At any rate, clearly Mr. Fry was very disturbed about having his dog seized.  And he handled things badly from the outset.  You might be inclined to give Mr. Fry a pass or maybe not.  I would be interested to see if he might be amenable to using a tie-out or a pen for his dog’s outdoor time.  Perhaps you would agree that’s a worthwhile effort or maybe you just think Mr. Fry should be tossed in the slammer.  If the latter, you might work for the Hydro police department:

[Hydro police officer Chris] Chancellor said he saw Fry leaving the kennel with the dog, but didn’t stop him right away.

“He’d threatened to shoot us before, so I approached him with caution,” Chancellor said. “I was afraid he might have had a rifle with him.”

Once Fry stopped, Chancellor held him at gunpoint.

“He stood up and had the dog in one arm and dropped the 3-foot bolt cutters he had in the other hand,” Chancellor said.

Fry was arrested on complaints of second-degree burglary, trespassing and destruction of city property. Formal charges were not as stringent.

[...]

Fry spent several days in jail. His bail was set at $1,000 requiring a $100 deposit to a bondsman for release, but no one seemed willing to put up the money, Chancellor said.

So here’s the thing:  Maybe the police were justified in their actions and thought this 73 year old man driving a lawn mower with a Poodle under his arm presented a credible threat.  Or maybe they were just being jerks.  Regardless of what side of the fuzzy line you fall on here, there is a tangible tragedy:  While Mr. Fry was behind bars, they killed his dog.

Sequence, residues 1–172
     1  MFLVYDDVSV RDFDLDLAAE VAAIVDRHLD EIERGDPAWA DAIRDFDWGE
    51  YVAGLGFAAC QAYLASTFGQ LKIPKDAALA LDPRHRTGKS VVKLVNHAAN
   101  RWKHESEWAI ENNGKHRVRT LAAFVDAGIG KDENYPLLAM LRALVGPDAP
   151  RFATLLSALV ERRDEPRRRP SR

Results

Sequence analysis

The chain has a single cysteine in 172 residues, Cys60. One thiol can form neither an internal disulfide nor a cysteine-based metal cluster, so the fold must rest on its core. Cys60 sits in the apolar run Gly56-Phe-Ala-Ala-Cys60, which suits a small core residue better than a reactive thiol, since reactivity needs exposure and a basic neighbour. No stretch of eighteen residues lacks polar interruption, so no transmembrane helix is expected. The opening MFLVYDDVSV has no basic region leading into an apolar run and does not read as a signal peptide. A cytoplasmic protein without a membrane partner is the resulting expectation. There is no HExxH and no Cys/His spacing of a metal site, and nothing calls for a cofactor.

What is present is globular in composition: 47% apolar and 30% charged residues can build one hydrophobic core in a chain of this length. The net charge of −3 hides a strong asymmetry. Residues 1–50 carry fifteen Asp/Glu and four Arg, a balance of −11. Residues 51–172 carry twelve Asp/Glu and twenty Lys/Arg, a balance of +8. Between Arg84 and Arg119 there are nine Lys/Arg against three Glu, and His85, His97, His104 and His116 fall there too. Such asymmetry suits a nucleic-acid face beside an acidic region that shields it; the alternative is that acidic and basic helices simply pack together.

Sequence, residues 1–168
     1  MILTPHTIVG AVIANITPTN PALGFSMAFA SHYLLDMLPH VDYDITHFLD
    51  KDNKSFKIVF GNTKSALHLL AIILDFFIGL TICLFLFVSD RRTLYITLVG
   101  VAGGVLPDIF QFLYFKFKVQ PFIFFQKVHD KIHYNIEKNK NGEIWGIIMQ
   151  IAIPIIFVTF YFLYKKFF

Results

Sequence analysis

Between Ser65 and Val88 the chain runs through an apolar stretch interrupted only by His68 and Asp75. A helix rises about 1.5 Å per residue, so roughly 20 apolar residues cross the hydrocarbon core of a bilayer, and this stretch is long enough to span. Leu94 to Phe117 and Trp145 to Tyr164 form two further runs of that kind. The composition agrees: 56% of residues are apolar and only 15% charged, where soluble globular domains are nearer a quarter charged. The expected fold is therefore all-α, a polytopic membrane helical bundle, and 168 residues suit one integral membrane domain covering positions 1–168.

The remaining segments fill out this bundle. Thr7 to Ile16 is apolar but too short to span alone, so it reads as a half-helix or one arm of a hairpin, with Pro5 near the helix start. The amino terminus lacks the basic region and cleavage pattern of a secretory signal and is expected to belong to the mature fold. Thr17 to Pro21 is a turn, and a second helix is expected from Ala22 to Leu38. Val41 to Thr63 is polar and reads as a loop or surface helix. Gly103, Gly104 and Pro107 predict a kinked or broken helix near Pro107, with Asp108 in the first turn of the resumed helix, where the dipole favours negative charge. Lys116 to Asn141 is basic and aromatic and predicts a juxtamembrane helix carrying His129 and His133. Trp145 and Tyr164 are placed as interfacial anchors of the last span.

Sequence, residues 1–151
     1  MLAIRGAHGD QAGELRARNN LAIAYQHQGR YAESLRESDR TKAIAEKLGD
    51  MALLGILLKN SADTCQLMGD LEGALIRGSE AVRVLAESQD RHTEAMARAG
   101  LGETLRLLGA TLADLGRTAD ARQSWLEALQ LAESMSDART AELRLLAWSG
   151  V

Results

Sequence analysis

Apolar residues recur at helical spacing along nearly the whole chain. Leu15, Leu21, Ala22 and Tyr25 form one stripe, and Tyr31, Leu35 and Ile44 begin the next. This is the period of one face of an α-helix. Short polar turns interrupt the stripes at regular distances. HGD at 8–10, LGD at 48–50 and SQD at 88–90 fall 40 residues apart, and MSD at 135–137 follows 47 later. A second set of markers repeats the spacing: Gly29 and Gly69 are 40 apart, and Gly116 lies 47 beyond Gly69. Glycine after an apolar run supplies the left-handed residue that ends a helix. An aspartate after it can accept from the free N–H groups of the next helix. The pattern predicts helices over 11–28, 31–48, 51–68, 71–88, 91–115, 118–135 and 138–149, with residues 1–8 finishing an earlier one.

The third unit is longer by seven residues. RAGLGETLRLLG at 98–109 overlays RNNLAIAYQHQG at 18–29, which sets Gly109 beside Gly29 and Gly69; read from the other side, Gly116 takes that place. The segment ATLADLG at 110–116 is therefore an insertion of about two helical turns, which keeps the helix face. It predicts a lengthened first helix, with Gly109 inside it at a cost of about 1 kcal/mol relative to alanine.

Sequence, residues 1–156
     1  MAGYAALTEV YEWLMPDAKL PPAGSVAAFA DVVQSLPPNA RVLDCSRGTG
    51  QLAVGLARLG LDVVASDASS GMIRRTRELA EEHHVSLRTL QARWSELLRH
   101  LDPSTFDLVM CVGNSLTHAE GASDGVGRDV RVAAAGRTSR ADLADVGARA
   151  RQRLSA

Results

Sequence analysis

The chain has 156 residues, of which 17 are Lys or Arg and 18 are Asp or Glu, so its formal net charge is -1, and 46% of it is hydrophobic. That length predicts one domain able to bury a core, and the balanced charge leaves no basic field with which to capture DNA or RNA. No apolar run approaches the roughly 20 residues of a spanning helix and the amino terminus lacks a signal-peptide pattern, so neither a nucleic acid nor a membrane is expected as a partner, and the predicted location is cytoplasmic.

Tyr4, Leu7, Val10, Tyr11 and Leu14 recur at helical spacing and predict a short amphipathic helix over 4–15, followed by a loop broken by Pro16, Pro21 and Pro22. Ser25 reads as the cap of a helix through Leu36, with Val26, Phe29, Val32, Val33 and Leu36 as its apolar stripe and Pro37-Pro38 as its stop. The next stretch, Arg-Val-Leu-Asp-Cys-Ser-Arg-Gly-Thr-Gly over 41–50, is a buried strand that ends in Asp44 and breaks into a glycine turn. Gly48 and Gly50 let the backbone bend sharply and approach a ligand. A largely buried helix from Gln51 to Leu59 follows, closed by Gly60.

This is not a dog that had been accused of biting anyone or suspected of having rabies or anything of the sort.  This is just a little Poodle who got picked up for roaming and literally busted out of the pokey by his owner.  One minute he’s riding on a lawn mower alongside his master, the next minute he’s being killed by an ACO.  His only crime was being owned by someone who allowed him to run loose and who happened to be a crotchety old man.  If authorities felt they had grounds to seize the dog and cause the owner to forfeit ownership, they should have proceeded with their case.  And then the dog could be adopted out to a new owner and given a chance to be a good canine citizen.

Authorities in this case held Mr. Fry accountable for failing to follow the rules and go through proper channels.  Yet at their soonest opportunity, they decide the rules don’t apply to them and kill a helpless dog out of spite.  Is anyone holding them accountable?

Thanks to reader Rachel for the tip on this story.

Action Alert: Abbeville Animal Shelter

Bringing up from the comments on this post, a call from Teresa Uzzell (the whistleblower who took evidence of abuse to the local news) to organize and take action with regard to the Abbeville Animal Shelter in SC:

Please to all who can help these animals in the (Hell-Hole) at this moment; if you can call me at 864-341-9869 / or e-mail me at teresav_remu@yahoo.com, I would like to meet this Tuesday in Abbeville in the middle of the square 12:00 noon. To openly discuss how to shut down the shelter. It does not need to be in a sewage area and the shelter itself is not properly fit to keep animals in. Also to get it opened up and get the animals out and placed to safety. As a team and a tax payer we can help these animals. If no one can do this; I do understand with working and time. I will still fight this until something is done somehow.

You can read Ms. Uzzell’s entire comment here.